The nascent peptide cypher: a novel controller of mRNA stability

From the Subramaniam Lab, Cancer Basic Biology Program, Cancer Consortium.

For a protein-coding mRNA, “life” should be pretty simple: get assembled through transcription, produce a protein through translation, then get recycled by cellular machinery so you can do it all again. Unfortunately, what I just wrote leaves out a colossal orchestra of quality-control machinery. Oh, you think I mean splicing? Try again. In an article published last month in Nature Communications, Dr. Phillip Burke, a recent doctoral graduate in the Subramaniam Lab, showed there is a translational control cypher encoded in nascent peptides that has potent effects on the stability of the encoding mRNA. Decoding this translational cypher took years of painstakingly precise work, and the creation of an innovative screening approach.

“In the past few years, several groups have implicated coding sequence metrics such as codon [use], amino acid [sequence], and GC content as regulators of mRNA stability in human cells,” shared Dr. Burke. “These studies relied on a correlation between these metrics and measured stability of endogenous human mRNAs. However, since the sequences of endogenous mRNAs are the result of complex evolutionary pressures, we have little mechanistic insight into how the implicated metrics influence mRNA stability. We felt there was a critical need in the translation field for a bottom-up high throughput approach for systematically mapping the effects of increasingly complex coding sequence motifs on mRNA stability.” Effectively, Dr. Burke and his advisor, Dr. Arvind “Rasi” Subramaniam, wanted to define the “individual contribution[s] of mRNA features implicated in previous studies.” However, no one had a method to do this. So, they built one. “Developing the initial high-throughput assay took a lot of optimization,” confessed Dr. Burke. “We tried without success for a while, then completely dropped the project for about a year…We ended up coming back to this approach while trying to study mRNA quality control pathways in human cells, when we realized we still had no idea what human coding sequence motifs could reliably trigger mRNA instability.”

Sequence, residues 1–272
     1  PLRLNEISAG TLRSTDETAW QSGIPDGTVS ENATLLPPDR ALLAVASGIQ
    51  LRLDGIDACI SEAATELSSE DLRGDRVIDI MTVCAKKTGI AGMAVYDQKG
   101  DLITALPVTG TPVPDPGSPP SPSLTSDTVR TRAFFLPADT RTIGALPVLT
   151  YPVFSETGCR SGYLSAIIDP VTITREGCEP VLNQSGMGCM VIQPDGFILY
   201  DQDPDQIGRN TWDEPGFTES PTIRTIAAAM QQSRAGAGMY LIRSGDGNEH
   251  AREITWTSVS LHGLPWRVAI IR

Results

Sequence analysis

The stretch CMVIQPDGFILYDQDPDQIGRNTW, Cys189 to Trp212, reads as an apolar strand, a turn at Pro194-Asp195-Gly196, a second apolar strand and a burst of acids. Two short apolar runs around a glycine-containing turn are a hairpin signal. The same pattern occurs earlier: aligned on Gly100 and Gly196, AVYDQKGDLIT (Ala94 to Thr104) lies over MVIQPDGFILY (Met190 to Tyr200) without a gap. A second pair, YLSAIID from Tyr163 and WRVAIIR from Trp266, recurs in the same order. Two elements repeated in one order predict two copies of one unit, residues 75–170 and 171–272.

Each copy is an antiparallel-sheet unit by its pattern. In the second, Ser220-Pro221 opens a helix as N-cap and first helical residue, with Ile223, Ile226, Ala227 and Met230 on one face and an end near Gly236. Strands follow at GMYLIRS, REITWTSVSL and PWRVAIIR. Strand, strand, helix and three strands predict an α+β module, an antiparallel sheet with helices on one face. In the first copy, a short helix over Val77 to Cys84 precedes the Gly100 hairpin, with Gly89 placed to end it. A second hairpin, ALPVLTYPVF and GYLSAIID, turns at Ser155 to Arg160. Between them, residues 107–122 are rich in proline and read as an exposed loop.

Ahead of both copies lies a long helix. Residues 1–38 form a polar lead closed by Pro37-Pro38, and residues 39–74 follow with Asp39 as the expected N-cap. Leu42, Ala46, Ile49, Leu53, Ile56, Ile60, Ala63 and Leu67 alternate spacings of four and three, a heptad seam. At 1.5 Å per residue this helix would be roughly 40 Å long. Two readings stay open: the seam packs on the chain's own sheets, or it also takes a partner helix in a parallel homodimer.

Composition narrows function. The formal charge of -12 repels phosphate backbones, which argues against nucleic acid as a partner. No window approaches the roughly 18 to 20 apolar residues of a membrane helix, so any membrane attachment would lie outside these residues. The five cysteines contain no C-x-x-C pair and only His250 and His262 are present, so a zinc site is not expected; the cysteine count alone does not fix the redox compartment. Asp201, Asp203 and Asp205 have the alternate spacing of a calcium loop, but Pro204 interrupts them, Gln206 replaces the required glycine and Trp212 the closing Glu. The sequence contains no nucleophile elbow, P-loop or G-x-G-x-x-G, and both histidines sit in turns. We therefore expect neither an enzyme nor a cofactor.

A graphic showing the correlation between dipeptides and mRNA stability.
In this study, Dr. Burke used a reporter screen (left) to tease out combinations of amino acids in newly translated proteins (nascent peptides) that destabilized (red) or stabilized (blue) their template mRNAs. Figure provided by Dr. Phillip Burke

What they found was a complex network of interactions between pairs of amino acids, called dipeptides, in the nascently translated proteins encoded by the mRNAs. “[mRNAs that encode] nascent peptides with a combination of beta-strand (β-strand) structures and bulky and positively charged sequences trigger acute instability,” explained Dr. Burke. That is to say, their screen for mRNA features accidentally uncovered the importance of features of the nascent protein encoded by said mRNAs. “This discovery transforms our understanding of the ribosome from being a passive translator of the genetic code to an active filter against aggregation-prone peptides such as bulky β-strands. Our findings also imply that the universal interpretation of missense mutations as altering protein activity needs to be revised to account for their effects on mRNA stability.”

As for what’s next, “we would love to do some Cryo-EM studies to dissect the atomic level interactions mediating the peptide code we report here,” said Dr. Burke. “We think these studies will expand our mechanistic understanding of how ribosome arrest peptides work. We are also working on using the high-throughput assay we developed here to profile effects of viral coding sequence motifs on mRNA stability!”

This big of a project relied heavily on the resources established by the Fred Hutch/University of Washington Cancer Consortium. Said Mr. Burke, “The Fred Hutch sequencing core was absolutely essential; we never would have completed this project without their expertise. We also got a lot of great feedback on the project from many members of the Basic Sciences Division and the Computational Biology program here at the Fred Hutch.”

This work was funded by the National Institutes of Health, the National Science Foundation, the Sidney Kimmel Scholarship, the Genomics Shared Resource and Fred Hutch Scientific Computing.

Fred Hutch/University of Washington/Seattle Children's Cancer Consortium member Dr. Rasi Subramaniam contributed to this work.

P Burke, H Park, and AR Subramaniam. 2022. A nascent peptide code for translational control of mRNA stability in human cells. Nature Communications. 13: 6829.